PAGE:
Why does summer end so abruptly?
During the past three years of these columns, one of the things that I’ve often pointed out about October, is that it is a transitional month. My husband, also a meteorologist, and I have noticed in the 10-plus years we’ve lived here, that the weather almost always seems to go downhill after about the first week of October.
By downhill, I mean a rather rapid change from the warm and dry weather we experienced in September, to a much colder, unsettled pattern. Though many folks look forward to fall, it seems like the last vestiges of summer end so abruptly.
With 90-degree temperatures here as recently as three weeks ago, it is a shock to the system that we have already heard stories of winter storms from Montana, east to Denver, across the Northern Plains, and even as far south as Kansas. Locally, record low temperatures were shattered throughout last weekend, as temperatures plunged into the single digits in places like Pullman, and in the teens in Coeur d’Alene.
Earlier forecasts from the Climate Prediction Center, called for a warmer and drier than average October for much of the Northwest, influenced in part by the strengthening El Niño. As it stands, temperatures have averaged almost 10 degrees below normal for the first half of the month. Precipitation has been above normal, and it looks like the cool, wet weather will persist through Oct. 21.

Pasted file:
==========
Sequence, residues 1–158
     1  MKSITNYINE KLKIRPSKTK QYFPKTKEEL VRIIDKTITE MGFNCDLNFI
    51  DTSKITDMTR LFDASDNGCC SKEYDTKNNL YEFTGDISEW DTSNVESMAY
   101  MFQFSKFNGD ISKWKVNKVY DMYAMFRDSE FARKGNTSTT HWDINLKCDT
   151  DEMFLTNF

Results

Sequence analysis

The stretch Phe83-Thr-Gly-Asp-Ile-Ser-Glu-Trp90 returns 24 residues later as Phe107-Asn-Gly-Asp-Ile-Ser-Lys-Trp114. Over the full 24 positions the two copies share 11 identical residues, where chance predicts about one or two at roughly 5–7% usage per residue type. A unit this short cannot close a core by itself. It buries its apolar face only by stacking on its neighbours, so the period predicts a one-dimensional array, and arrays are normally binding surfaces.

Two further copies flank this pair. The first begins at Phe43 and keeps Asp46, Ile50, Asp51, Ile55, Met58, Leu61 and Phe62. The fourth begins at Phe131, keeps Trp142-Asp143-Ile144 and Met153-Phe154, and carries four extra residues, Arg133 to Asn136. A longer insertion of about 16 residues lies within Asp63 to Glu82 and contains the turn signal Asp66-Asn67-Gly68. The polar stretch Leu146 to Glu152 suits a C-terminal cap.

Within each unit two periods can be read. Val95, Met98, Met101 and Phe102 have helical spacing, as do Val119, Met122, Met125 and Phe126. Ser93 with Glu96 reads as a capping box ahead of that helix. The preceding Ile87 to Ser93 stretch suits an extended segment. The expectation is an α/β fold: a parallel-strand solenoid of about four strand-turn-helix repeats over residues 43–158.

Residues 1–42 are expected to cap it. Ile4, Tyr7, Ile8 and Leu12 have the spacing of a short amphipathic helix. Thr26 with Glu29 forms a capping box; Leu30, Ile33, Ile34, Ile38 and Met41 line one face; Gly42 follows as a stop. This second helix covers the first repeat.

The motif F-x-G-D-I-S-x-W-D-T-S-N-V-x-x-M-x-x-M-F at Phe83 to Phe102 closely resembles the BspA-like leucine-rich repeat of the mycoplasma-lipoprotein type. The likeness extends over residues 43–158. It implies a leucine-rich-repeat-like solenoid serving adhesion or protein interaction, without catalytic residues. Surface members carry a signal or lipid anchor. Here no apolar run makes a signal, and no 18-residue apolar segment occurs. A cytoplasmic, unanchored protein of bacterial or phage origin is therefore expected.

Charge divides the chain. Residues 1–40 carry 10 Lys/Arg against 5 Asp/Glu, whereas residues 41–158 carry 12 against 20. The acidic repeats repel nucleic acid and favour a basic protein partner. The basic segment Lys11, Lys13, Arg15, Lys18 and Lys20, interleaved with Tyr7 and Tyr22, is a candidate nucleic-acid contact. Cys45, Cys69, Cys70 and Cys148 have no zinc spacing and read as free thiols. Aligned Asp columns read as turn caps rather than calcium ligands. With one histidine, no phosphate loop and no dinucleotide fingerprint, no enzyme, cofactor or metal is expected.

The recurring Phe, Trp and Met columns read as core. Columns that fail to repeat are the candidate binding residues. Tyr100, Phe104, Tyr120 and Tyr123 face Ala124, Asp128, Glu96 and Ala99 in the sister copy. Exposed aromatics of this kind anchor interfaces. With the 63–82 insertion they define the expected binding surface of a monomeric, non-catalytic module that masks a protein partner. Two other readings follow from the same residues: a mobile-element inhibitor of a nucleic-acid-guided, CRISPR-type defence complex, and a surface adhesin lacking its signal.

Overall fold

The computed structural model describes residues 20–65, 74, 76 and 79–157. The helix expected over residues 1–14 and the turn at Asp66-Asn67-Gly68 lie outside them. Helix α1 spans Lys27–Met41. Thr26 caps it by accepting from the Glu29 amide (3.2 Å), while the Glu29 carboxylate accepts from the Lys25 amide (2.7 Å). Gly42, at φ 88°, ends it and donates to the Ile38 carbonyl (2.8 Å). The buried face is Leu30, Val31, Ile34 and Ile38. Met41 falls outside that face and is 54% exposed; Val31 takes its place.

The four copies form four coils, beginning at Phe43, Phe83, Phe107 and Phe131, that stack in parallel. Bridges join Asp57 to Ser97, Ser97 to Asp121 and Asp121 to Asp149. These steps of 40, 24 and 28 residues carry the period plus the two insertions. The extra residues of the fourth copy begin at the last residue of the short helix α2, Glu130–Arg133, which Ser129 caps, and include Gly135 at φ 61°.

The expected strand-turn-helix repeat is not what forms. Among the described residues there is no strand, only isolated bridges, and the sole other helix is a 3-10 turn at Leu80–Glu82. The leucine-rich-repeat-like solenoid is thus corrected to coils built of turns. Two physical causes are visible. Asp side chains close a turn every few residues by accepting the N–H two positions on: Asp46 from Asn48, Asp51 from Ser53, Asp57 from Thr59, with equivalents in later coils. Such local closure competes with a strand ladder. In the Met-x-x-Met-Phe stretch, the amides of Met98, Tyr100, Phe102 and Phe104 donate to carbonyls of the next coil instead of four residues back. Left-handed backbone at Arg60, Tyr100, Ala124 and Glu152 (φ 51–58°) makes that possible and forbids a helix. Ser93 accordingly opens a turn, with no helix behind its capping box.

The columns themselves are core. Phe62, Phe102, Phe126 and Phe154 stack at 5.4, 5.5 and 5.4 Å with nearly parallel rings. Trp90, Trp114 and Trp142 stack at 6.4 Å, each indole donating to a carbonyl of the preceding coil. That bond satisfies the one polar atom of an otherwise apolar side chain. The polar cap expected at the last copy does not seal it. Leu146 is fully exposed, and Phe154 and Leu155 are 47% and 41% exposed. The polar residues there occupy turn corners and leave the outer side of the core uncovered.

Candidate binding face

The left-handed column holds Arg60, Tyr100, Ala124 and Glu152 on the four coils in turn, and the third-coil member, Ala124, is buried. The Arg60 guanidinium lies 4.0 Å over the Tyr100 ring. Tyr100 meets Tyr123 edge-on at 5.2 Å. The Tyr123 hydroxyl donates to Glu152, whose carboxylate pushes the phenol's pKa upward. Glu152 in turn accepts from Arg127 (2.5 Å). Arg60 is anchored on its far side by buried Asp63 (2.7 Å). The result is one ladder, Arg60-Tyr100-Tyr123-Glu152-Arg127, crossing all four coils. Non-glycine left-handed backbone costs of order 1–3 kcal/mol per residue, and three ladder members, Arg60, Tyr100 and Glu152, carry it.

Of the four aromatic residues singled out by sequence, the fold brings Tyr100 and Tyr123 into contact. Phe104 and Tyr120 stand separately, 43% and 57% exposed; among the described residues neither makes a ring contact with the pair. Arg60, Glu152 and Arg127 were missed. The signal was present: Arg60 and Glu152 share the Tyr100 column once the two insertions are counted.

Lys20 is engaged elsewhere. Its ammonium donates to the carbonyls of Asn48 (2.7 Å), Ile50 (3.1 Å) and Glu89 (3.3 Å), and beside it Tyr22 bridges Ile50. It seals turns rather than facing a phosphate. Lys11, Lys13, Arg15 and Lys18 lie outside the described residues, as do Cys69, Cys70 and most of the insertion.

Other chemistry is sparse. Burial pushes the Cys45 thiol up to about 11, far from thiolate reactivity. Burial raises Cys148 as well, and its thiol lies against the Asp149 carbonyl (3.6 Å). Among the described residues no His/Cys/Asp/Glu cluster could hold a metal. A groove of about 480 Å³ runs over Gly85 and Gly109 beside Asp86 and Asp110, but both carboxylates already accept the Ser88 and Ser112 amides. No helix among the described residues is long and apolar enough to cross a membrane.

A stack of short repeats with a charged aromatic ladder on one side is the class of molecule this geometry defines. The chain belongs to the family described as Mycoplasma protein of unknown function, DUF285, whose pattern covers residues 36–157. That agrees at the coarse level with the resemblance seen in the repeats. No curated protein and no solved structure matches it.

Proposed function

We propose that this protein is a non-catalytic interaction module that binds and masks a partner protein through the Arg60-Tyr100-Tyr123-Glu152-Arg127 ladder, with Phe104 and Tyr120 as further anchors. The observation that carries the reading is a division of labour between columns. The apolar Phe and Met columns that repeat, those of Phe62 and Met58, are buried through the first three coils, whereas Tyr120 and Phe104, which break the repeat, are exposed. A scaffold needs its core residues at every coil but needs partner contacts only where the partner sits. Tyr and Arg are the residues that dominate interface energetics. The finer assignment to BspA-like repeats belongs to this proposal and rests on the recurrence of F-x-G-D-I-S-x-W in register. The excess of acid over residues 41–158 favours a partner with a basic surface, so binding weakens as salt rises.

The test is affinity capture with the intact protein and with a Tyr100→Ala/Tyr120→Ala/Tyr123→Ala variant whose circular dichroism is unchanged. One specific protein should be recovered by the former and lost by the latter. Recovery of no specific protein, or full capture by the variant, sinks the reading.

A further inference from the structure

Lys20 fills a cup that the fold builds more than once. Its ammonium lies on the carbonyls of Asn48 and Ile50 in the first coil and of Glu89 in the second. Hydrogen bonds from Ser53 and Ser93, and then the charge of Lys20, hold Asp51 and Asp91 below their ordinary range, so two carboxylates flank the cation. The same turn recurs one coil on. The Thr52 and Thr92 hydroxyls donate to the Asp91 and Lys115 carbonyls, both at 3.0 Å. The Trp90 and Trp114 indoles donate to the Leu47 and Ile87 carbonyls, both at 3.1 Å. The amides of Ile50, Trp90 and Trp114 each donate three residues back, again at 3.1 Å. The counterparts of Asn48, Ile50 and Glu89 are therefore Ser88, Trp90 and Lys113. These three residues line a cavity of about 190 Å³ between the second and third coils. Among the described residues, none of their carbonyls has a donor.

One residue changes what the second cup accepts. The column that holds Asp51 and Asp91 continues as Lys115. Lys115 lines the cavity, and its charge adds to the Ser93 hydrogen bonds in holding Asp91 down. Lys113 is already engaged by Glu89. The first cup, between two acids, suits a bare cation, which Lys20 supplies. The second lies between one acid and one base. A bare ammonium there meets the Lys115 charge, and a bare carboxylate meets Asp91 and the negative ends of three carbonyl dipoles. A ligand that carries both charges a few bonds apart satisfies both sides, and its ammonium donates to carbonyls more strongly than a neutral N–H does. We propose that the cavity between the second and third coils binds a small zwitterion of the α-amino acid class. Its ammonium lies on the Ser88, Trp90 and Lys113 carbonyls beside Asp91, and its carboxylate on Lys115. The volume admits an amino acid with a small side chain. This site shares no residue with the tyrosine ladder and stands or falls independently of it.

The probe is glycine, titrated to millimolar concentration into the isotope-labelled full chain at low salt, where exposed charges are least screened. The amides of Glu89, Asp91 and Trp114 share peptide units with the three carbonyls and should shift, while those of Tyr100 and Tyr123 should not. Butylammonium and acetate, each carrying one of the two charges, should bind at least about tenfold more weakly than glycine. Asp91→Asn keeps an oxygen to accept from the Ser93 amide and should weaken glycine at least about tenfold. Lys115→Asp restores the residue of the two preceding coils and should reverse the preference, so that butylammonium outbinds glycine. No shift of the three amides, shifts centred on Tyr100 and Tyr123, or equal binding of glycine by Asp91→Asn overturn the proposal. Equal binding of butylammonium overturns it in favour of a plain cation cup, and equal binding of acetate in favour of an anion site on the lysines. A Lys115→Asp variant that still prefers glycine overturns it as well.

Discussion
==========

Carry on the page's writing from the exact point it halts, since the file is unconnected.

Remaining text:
The good news – at least for those who would like to enjoy some fall weather before winter is upon us – is that the next string of storm systems look to be Pacific in origin, rather than “arctic.” This should keep the snowflakes at bay at least for now.
Speaking of “arctic” and “Pacific” air masses, my daughter asked a question that many may wonder about when we have a string of chilly, but sunny days. How is it that a day full of sunshine, can be so cold? Despite full sunshine on both Oct. 10 and 11, high temperatures only climbed into the lower 40s, more than 20 degrees below normal. The answer lies in the origin of the air that moved into the region. Meteorologists used the term “arctic” not only to denote that the air was cold, but to describe where the cold air came from.
During that time, winds from the surface up to the mid-levels of the atmosphere, had a northerly component. The air that moved into the Inland Northwest really did have arctic origins. Though the sunshine worked to warm the air around us, the continued flow from the north kept moving new cold air in. On the flip side, despite the fact that clouds moved in on Oct. 12, the air around us began to moderate as the general flow became more westerly, and milder Pacific air moved in to replace the arctic air. Even with very little sunshine (and quite a bit of rain in some places), temperatures were able to climb into the lower to mid-50s.
Michelle Boss can be reached at firstname.lastname@example.org